Joshua Hagler’s The Living Circle Us is the artist’s third solo exhibition with Unit London. Curated by writer, art historian and leading authority on modern American art, David Anfam, the exhibition marks a continuing shift within Hagler’s subject matter.
The show’s title, drawn from the poem “Metamorphosis” by Louise Glück, is evocative of this shift. For Hagler, the verse speaks to life during the global pandemic, the birth of his now ten-month-old daughter and his relocation to rural New Mexico. Relinquishing socio-political messaging in favour of a more intimate sense of being attentive to his immediate world, he sets an important parameter for the exhibition: to respond only to the visual information he encounters in his day-to-day life.
The exhibition’s curator, David Anfam notes:
“Joshua Hagler’s recent works mark an important move forward into mysterious, more intuitive realms. Memory plays a key role, but so does Hagler’s visceral contact with surrounding reality. This includes the deserted buildings and fire-scorched landscape of southwestern New Mexico where he lives – as well as the birth of his daughter not long ago. Distant echoes from the Old Masters mingle with brooding chromatic fields to create a blurred yet vivid cartography of consciousness. At once dream-like and intensely physical, Hagler’s painterly meditations on life, love, death and landscape could not be more timely as visual poems addressing existence in today’s troubled world.”
"Drawing carries the possibility of repatriation to the real, the simple acknowledgment that to describe is necessarily to create." - Joshua Hagler
Images that find their way into Hagler’s drawings and paintings include the natural landscape of southern New Mexico, sometimes damaged by fires or littered with abandoned settlements.
Other times, drawings of his infant daughter or his wife nursing late at night become the basis for a painting. While still at others, he draws the cheap reproductions of the Fourteen Stations of the Cross adorning the walls of an old nearby mission church, or portraits from the obituary page caught in a mesquite tree in the field behind his studio. While all these images are important to the artist in their own right, his interest is not so much in the usual cultural or historical meanings or in reproducing or emulating the subject’s likeness. Rather, he understands drawing as a contemplative method for simply being with the subject. In this way his drawings are done in a blind contour manner, and once committed to colour on the canvas, are often barely recognisable, if at all.
Among the factors that contribute to Hagler’s recent shift is his emphasis away from narrative and recognisable imagery and toward materiality and raw presence. Substrates range from canvas, linen, burlap, bedsheets, and polyester film, often combined in a single work. Other paintings occur on found objects left in abandoned properties, on objects such as road signs, car wreckage, and flattened tin pails perforated with bullet holes.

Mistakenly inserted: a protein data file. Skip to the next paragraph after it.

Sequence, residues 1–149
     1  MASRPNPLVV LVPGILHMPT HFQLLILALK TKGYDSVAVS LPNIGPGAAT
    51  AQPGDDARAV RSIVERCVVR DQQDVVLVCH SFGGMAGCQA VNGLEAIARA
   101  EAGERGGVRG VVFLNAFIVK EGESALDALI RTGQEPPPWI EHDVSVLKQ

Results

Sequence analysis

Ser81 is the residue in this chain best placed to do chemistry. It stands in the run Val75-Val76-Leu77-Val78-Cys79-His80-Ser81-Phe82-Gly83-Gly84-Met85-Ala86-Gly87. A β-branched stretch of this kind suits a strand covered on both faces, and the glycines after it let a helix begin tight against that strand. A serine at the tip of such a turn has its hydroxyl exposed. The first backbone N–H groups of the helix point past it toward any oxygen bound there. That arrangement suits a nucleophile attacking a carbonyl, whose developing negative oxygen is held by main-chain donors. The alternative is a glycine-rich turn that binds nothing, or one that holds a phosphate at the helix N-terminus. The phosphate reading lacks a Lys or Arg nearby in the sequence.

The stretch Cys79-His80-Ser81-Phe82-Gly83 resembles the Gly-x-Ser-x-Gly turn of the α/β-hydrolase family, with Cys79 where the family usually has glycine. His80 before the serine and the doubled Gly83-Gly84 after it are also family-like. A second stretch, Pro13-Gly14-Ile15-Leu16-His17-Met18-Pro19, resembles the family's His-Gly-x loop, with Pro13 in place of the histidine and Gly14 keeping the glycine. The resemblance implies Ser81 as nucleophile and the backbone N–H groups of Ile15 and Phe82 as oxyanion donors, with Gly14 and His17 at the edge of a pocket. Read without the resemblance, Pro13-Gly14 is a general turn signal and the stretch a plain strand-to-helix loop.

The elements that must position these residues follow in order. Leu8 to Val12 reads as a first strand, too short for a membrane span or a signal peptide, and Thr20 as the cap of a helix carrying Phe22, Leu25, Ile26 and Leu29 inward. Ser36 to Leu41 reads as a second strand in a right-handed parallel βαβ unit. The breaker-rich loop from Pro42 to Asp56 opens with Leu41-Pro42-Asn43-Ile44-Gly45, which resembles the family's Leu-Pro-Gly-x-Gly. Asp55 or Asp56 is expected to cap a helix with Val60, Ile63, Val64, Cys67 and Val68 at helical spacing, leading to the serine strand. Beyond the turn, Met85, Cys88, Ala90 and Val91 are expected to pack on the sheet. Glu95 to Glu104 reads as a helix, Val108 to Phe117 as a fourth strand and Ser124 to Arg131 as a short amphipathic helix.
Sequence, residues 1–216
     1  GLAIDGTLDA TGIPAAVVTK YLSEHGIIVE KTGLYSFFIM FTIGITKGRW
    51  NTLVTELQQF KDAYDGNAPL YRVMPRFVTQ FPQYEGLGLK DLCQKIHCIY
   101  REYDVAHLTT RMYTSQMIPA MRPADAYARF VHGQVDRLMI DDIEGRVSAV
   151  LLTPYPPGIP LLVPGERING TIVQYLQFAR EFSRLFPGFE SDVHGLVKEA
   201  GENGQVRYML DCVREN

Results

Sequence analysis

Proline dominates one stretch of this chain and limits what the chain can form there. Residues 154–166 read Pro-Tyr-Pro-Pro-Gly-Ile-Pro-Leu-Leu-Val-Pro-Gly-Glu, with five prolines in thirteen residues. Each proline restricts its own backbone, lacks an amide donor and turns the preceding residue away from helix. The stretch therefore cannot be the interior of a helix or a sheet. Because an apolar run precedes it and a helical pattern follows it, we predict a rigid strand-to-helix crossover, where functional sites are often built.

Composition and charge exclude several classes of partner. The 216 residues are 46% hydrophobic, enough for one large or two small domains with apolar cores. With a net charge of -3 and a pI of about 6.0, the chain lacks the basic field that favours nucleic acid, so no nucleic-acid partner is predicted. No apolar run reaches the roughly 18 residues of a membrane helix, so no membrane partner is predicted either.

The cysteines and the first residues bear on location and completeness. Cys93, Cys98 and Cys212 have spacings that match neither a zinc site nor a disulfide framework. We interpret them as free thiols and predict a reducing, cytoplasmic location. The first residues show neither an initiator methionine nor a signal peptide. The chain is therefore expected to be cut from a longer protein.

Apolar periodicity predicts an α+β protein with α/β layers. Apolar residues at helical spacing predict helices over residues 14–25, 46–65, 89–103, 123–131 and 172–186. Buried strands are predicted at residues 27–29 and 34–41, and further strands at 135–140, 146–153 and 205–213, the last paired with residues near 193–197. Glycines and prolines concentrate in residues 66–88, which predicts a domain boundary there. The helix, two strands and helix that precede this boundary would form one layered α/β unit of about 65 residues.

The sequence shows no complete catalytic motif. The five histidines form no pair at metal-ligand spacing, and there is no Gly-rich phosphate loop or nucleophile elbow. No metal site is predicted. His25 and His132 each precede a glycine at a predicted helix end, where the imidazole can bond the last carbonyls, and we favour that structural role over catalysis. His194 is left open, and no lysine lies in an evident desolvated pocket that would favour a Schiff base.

Whether on objects or patchwork fabric surfaces, no one image is more important than another, and so a drawing made in the first hour of his daughter’s life can find its way to the canvas only to be subsequently painted over with an image of the fire damaged landscape.
Hagler’s interest in these renderings does not stem primarily from their narrative content but rather from the space and sensation to which the process of layering opens itself. The “Fourteen Stations” in the neglected church, for example, are not historically important artworks, but rather humble reproductions, things that few would think to visit. As such, The Living Circle Us elevates that which has slowly sunk into the shadows, the marginal and the ordinary, to the status of main subject. Working in this way is, in and of itself, a reaction against contemporary perceptions of relevance. The work does not exclude that which might be viewed as unimportant or extraneous in the context of contemporary existence.
Although finding symbolism and metaphor in art is usually unavoidable, Hagler does not seek to project metaphor directly himself, working rather to document the immediate activity of thinking and painting. These artworks therefore strive to present a certain cognisance that sits with the numinous in physical space. By embracing immanence and accepting the transience of our material reality, the artist has noticed a psychological shift in his own perception of the course of time. More and more comfortable in the unknown, Hagler allows his artworks to determine their own course. In this sense, once separated from a creator’s intentions, an artwork can take on an identity of its own through its very form and materiality. Hagler’s works then perhaps communicate more than they ever have, delving down into the commonness of human experience that has always encircled us, only to find a feeling of profound reality in that which language fails to capture.
In Conversation | David Anfam and Joshua Hagler
The Hour (Newborn)
Someone Appearing in the Field
The Smell of Fire in Winter
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